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Skeletal maturity & the riding horse
 Moderated by: DrDeb  
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Abbie
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Joined: Sat Nov 19th, 2011
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 Posted: Sat Nov 19th, 2011 03:01 pm
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Hello, all. I was a very happy attendee of Dr. Deb's "Form to Function" clinic in Vermont a few weeks ago, and I so glad I went. Needless to say I learned a lot, confirmed many things I did know, and got some new things to try and implement with my own mare.

My question is this (excuse the backstory): my mare is 4 1/2. I know there is no horse on this planet (thanks to the Ranger piece) that matures before age 6 besides scrubby mares on the range, which my mare is not. She is kept as "normal" for horses as I can manage, is given plenty of opportunity to exercise and move around, etc. I only started working her under saddle with any real serious intentions about 4 months ago; up until that point I'd trained her to lunge, done some in hand work, and trained her to long line and ground drive. I waited until she turned 4 to do more than get on, walk around, do some bending/lateral flexing exercises, etc. I bought her when she was 2, and she was obviously very behind developmentally due to lack of care. She's filled out very nicely, is starting to gain real, proper muscle, and is very happy and willing to learn and try. I don't push her to do anything beyond what I think is appropriate for her right now in her development: she can W/T/C in both directions, accepts rein contact understands basic leg aids, basic lateral movements like leg yields, turn on the forehand/haunches, etc. She is learning to round and I can see the positive effects in her muscular development, but I don't ask for more than just roundness.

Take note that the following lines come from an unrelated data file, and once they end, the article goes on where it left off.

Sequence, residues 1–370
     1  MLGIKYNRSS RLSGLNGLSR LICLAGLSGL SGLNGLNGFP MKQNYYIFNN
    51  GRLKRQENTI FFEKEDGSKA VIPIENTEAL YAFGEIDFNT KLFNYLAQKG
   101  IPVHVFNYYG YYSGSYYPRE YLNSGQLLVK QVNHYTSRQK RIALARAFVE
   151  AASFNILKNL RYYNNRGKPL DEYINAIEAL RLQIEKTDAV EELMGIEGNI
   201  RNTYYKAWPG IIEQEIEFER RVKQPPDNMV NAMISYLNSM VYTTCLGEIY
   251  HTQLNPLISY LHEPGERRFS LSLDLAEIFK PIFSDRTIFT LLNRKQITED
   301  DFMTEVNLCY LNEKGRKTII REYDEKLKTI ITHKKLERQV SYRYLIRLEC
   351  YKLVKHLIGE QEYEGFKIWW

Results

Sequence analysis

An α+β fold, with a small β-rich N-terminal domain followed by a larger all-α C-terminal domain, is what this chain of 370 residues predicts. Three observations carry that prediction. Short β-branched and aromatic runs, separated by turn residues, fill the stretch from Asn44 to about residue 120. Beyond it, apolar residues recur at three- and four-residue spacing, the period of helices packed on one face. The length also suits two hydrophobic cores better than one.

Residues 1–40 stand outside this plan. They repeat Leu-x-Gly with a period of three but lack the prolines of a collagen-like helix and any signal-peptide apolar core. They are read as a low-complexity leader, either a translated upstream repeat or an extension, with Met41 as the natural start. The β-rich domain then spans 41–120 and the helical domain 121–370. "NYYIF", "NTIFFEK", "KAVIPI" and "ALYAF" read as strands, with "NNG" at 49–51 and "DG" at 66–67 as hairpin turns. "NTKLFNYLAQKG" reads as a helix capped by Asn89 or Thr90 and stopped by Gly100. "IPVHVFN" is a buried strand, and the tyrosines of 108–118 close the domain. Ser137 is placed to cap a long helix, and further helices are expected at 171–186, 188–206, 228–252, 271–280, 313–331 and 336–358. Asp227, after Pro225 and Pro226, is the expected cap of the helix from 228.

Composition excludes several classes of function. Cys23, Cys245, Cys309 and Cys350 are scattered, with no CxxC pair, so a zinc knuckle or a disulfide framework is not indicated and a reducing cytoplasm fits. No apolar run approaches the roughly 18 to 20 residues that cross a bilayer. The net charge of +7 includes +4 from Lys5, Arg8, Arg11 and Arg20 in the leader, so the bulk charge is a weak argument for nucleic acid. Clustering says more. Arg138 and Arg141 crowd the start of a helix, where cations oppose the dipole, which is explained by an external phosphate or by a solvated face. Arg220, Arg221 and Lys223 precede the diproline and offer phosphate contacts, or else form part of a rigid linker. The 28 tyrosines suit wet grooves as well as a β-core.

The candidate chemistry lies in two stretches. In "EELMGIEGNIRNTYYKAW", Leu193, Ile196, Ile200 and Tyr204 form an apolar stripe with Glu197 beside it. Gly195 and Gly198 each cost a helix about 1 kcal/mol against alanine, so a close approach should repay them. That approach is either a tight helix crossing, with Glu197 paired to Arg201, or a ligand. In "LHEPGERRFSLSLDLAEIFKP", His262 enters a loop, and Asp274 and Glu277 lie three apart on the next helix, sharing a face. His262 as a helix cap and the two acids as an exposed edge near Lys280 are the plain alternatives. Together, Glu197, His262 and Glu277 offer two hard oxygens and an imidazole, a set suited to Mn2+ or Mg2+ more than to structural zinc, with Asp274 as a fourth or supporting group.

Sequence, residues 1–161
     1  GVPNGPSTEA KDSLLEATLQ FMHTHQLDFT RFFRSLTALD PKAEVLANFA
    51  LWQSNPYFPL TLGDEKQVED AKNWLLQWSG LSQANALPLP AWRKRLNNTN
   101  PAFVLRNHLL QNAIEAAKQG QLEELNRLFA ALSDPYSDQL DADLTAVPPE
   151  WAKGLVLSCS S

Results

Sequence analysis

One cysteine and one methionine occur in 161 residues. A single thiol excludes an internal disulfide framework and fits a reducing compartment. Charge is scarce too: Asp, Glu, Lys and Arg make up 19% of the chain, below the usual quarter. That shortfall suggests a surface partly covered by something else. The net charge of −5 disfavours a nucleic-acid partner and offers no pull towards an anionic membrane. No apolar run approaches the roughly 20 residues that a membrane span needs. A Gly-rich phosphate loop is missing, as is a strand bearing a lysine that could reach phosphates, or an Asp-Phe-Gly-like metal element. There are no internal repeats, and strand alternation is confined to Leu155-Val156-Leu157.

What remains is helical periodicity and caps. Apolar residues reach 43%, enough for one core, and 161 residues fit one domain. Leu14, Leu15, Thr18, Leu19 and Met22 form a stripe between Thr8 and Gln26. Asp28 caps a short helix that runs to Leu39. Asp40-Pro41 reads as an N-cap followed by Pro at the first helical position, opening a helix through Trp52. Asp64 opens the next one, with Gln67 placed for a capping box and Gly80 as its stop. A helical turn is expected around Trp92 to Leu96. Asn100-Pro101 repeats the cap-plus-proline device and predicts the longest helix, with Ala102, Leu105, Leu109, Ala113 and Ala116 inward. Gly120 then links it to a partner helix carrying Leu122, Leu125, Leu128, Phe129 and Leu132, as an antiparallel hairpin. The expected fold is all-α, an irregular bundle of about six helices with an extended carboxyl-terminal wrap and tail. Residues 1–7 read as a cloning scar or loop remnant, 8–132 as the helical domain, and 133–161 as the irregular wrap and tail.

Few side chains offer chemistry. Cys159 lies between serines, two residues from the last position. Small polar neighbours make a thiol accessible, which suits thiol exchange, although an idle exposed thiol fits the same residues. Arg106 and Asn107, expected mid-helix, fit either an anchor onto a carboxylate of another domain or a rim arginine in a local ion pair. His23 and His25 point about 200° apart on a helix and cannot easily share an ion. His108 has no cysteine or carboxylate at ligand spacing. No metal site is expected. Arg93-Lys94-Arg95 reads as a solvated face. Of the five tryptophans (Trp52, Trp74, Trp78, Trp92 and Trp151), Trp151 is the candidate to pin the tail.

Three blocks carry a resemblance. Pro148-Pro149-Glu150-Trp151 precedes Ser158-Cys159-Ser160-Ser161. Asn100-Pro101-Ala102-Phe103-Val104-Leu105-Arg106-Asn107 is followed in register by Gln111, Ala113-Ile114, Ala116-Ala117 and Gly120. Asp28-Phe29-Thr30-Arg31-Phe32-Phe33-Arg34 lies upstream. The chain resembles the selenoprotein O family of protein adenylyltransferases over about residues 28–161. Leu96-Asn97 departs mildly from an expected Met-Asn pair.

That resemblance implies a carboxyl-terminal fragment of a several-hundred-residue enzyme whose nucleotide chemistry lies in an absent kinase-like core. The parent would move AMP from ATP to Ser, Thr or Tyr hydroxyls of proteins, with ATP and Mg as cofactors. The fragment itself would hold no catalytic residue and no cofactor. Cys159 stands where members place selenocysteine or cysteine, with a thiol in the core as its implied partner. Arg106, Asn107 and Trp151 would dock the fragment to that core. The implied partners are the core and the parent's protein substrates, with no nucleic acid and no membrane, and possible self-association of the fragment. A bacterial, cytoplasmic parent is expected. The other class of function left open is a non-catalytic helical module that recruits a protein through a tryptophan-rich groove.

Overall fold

Obviously, every horse is unique. Every horse needs to be looked at as an individual, and there's very few one-size-fits-all theories. In this case of my mare, I am hesitant to continue asking for more than I am asking for now due to the fact that I know she is not skeletally mature. She has handled everything I have asked for just fine, with relatively little hesitation and minimal soreness. Is there serious harm, at this point, with continuing to ride her as I have, 3-5 days a week? I know the detriment of starting horses at age 2, but how does that compare with age 4? Age 5? I have purposely waited because I figured she's got her whole life to be a riding horse, and I'd like to keep her happy and usable for as long as possible.

Thanks!

Abbie
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Joined: Sat Nov 19th, 2011
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Posts: 2
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 Posted: Sat Nov 19th, 2011 03:22 pm
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It just occurred to me that someone is probably going to tell me to read the Ranger piece again, because it does go into what I've asked. I know I probably won't be doing serious damage now that she's closing in on 5 years old. My questions encompasses a bit bigger picture: I've done the prep work, I have what I consider to be one of the calmest and most willing young horses I've ever known: if she is willing and comfortable, are there likely physical repercussions for asking for harder and more taxing things?


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